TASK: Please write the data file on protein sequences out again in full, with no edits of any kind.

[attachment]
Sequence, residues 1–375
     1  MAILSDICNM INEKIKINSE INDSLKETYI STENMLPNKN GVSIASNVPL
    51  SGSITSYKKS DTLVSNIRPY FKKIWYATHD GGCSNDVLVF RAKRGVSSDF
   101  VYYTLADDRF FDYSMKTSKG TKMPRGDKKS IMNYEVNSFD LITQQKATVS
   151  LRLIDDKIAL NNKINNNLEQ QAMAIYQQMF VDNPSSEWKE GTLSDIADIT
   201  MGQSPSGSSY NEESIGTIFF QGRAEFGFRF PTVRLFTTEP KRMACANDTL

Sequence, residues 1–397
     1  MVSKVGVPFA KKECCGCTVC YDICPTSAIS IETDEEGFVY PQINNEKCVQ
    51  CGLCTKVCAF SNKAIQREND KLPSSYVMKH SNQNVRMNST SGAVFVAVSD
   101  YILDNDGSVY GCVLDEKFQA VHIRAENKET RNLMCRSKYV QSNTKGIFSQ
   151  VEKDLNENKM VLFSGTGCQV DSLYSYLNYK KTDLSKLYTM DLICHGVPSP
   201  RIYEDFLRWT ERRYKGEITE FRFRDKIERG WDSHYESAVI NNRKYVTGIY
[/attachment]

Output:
Sequence, residues 1–375
     1  MAILSDICNM INEKIKINSE INDSLKETYI STENMLPNKN GVSIASNVPL
    51  SGSITSYKKS DTLVSNIRPY FKKIWYATHD GGCSNDVLVF RAKRGVSSDF
   101  VYYTLADDRF FDYSMKTSKG TKMPRGDKKS IMNYEVNSFD LITQQKATVS
   151  LRLIDDKIAL NNKINNNLEQ QAMAIYQQMF VDNPSSEWKE GTLSDIADIT
   201  MGQSPSGSSY NEESIGTIFF QGRAEFGFRF PTVRLFTTEP KRMACANDTL

Sequence, residues 1–397
     1  MVSKVGVPFA KKECCGCTVC YDICPTSAIS IETDEEGFVY PQINNEKCVQ
    51  CGLCTKVCAF SNKAIQREND KLPSSYVMKH SNQNVRMNST SGAVFVAVSD
   101  YILDNDGSVY GCVLDEKFQA VHIRAENKET RNLMCRSKYV QSNTKGIFSQ
   151  VEKDLNENKM VLFSGTGCQV DSLYSYLNYK KTDLSKLYTM DLICHGVPSP
   201  RIYEDFLRWT ERRYKGEITE FRFRDKIERG WDSHYESAVI NNRKYVTGIY